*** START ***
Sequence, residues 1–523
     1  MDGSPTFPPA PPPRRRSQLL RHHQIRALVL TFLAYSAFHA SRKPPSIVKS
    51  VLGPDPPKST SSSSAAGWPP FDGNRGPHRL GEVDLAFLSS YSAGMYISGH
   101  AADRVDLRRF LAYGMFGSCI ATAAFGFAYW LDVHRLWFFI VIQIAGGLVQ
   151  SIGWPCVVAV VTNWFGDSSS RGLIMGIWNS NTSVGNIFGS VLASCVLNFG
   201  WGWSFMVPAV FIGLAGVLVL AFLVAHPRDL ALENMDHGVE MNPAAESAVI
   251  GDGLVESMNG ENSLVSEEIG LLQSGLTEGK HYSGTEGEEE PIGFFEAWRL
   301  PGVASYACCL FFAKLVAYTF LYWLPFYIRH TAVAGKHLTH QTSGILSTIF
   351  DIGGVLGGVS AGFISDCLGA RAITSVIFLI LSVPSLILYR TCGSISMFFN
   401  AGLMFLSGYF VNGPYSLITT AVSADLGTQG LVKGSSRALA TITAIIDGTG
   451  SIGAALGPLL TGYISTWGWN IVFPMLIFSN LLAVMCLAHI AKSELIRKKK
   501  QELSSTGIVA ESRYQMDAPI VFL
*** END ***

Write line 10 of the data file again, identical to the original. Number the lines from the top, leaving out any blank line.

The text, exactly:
   401  AGLMFLSGYF VNGPYSLITT AVSADLGTQG LVKGSSRALA TITAIIDGTG